Sunday, August 7, 2022

New Denton County plaque honors custodian from over 100 years ago

Last week, the Denton County Commissioners Court unveiled a new plaque on the first floor of the Courthouse-on-the-Square honoring Zach Rawlins, a former slave who served for more than 20 years as a custodian at the Denton County Courthouse from 1886 to 1911.

“We believe it is important to recognize individuals who have contributed to Denton County and Zach Rawlins is a perfect example of someone who dedicated years of his life in service to Denton County,” said Denton County Judge Andy Eads.

Denton resident and advocate Willie Hudspeth was among those who thanked the Court for their recognition of Rawlins, according to a Denton County news release. The bronze relief plaque, located on the first floor, includes the following information about Rawlins:

“A former African-American slave, Zach Rawlins served for more than 20 years as a custodian at the Denton County Courthouse. Appointed to his position from 1886 to 1911, Rawlins was well known in Denton County. Many came to know him as they conducted business at the courthouse.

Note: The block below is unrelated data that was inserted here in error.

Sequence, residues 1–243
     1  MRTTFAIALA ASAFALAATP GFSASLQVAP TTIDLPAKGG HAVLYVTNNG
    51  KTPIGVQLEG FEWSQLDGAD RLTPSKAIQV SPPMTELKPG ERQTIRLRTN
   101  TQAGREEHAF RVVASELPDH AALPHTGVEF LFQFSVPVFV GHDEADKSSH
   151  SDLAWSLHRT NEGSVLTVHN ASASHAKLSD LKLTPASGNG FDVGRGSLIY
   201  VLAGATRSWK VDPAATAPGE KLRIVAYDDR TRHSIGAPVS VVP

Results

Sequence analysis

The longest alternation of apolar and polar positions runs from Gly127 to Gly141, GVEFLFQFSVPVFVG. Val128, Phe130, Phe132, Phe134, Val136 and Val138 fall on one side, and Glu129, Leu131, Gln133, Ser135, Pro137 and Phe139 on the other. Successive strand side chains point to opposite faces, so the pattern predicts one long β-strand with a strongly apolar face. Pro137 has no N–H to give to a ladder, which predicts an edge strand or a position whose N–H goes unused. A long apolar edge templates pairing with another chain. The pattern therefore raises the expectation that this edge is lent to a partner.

Rawlins, born in Grenada, Mississippi, came to Lewisville in 1860. After the Civil War, Rawlins bought a farm in 1876 and settled northwest of Lewisville near what is now Hickory Creek. He and another former slave farmed the 80 acres and established a school and a cemetery on their property. Rawlins later lived in Quakertown.

Upon his death, Rawlins was recognized by the Denton County Commissioners Court with a resolution in remembrance for his service and many kindnesses. In addition, his funeral was largely attended by leaders and elected officials from across Denton County.”

Residents can see the plaque at the Denton County Courthouse-on-the-Square, 110 West Hickory St., 8 a.m. to 5 p.m. Monday through Friday and 11 a.m. to 3 p.m. on Saturday and visit the Denton County Courthouse-on-the-Square Museum, which currently features “Century of Action: Women & the Vote” commemorating the 100th anniversary of the ratification of the 19th amendment. The Courthouse museum hours are 10 a.m. to 4 p.m. Monday through Friday and 11 a.m. to 3 p.m. on Saturday.

Mark Smith
Mark Smith is the Digital Editor of The Cross Timbers Gazette.

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